Suddenly, in June 1943, Junkers was informed by the Technische Amt that the entire “Bomber B” programme had been abandoned owing to increasing shortages of strategic materials and the effect that the launching of a major production program for a new bomber would have on existing production programmes at a critical phase in the conflict. However, despite the cancellation of the programme, Junkers completed two additional machines, the Ju 288 V107 and V 108, which were flown in July 1943, other airframes on the assembly line being scrapped. Some flight testing of the Ju 288 was continued until the summer of 1944, by which time a least 17 of the 22 prototypes had crashed while engaged in flight development. With the termination of the test programme, several of the surviving Ju 288B- and C-series prototypes were transferred to the Luftwaffe, and fitted with ventral gun pods similar to that fitted to the Junkers Ju 88P-4 and mounting a single 50 mm BK 5 (KwK 39) cannon, these saw limited operational use during the closing stages of the conflict (Ref.:7).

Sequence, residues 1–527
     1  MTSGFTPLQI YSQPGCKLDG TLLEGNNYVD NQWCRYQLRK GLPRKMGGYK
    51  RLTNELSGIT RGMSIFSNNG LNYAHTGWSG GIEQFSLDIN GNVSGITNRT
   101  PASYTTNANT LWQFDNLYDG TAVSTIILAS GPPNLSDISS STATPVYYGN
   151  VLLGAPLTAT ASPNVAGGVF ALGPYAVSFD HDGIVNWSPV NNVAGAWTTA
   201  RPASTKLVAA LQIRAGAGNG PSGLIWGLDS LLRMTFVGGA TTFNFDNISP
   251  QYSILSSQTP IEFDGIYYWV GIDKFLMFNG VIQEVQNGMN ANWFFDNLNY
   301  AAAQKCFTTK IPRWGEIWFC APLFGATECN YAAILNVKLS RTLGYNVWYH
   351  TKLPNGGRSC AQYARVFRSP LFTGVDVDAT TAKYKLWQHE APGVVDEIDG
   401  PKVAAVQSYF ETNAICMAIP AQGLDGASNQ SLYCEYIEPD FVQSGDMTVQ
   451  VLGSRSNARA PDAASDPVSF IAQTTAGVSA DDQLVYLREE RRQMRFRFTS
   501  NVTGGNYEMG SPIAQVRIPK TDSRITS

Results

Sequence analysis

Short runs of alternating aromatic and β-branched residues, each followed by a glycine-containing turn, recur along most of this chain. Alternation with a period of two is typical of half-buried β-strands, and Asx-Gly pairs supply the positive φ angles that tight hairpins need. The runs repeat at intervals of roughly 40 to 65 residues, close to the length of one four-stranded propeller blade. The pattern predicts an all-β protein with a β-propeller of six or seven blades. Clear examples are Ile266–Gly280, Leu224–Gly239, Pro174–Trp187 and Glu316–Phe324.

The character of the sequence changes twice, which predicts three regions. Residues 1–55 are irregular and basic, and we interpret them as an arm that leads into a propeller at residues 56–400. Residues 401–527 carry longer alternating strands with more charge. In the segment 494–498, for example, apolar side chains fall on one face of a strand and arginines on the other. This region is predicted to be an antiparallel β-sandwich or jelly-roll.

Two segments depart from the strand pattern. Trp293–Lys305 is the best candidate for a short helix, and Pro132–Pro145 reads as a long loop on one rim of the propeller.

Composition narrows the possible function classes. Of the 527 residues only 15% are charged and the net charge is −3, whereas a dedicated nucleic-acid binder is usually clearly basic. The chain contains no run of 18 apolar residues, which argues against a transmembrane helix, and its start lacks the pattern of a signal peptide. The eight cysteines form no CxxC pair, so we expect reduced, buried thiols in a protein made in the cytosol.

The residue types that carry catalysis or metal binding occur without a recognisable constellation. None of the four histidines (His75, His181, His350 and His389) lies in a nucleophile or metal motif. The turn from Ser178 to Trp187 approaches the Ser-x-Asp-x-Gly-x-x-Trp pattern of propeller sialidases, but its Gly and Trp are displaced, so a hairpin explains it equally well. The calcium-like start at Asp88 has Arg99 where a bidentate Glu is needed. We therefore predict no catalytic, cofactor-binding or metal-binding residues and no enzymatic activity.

Mikoyan-Gurevich MiG-3, 34 IAP (Italeri)

TYPE: Fighter and interceptor aircraft

ACCOMMODATION: Pilot only

POWER PLANT: One Mikulin AM-35A liquid-cooled engine, rated at 1,332 hp

PERFORMANCE: 314 mph at 25,590 ft

COMMENT: The Mikoyan-Gurevich MiG-3 was a Soviet fighter and interceptor aircraft used during World War II. It was a development of the Mikoyan-Gurevich MiG-1 by the Experimental Design Department of Factory No. 1 to remedy problems found during the MiG-1’s development and operations. It replaced the MiG-1 on the production line at Factory No. 1 on December 1940 and was built in large numbers during 1941 before Factory No. 1 was converted to build the Ilyushin Il-2.